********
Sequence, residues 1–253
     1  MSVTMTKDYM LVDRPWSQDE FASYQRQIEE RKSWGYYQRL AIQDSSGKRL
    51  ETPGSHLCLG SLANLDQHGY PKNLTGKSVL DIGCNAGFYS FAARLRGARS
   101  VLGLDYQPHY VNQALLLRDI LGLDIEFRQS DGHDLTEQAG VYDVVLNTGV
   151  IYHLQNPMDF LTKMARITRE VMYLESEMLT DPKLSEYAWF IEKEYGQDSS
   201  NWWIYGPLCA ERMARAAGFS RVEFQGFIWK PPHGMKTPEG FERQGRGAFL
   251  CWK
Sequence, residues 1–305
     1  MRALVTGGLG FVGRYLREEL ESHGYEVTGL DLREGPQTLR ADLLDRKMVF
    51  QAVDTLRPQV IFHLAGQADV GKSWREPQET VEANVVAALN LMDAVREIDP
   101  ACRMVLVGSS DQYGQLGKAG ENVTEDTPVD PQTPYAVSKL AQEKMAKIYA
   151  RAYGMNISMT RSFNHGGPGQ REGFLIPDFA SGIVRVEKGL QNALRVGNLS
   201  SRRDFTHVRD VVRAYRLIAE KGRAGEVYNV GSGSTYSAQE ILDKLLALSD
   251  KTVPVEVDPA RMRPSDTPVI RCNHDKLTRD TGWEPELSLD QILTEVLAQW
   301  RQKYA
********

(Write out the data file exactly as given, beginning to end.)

Sequence, residues 1–253
     1  MSVTMTKDYM LVDRPWSQDE FASYQRQIEE RKSWGYYQRL AIQDSSGKRL
    51  ETPGSHLCLG SLANLDQHGY PKNLTGKSVL DIGCNAGFYS FAARLRGARS
   101  VLGLDYQPHY VNQALLLRDI LGLDIEFRQS DGHDLTEQAG VYDVVLNTGV
   151  IYHLQNPMDF LTKMARITRE VMYLESEMLT DPKLSEYAWF IEKEYGQDSS
   201  NWWIYGPLCA ERMARAAGFS RVEFQGFIWK PPHGMKTPEG FERQGRGAFL
   251  CWK
Sequence, residues 1–305
     1  MRALVTGGLG FVGRYLREEL ESHGYEVTGL DLREGPQTLR ADLLDRKMVF
    51  QAVDTLRPQV IFHLAGQADV GKSWREPQET VEANVVAALN LMDAVREIDP
   101  ACRMVLVGSS DQYGQLGKAG ENVTEDTPVD PQTPYAVSKL AQEKMAKIYA
   151  RAYGMNISMT RSFNHGGPGQ REGFLIPDFA SGIVRVEKGL QNALRVGNLS
   201  SRRDFTHVRD VVRAYRLIAE KGRAGEVYNV GSGSTYSAQE ILDKLLALSD
   251  KTVPVEVDPA RMRPSDTPVI RCNHDKLTRD TGWEPELSLD QILTEVLAQW
   301  RQKYA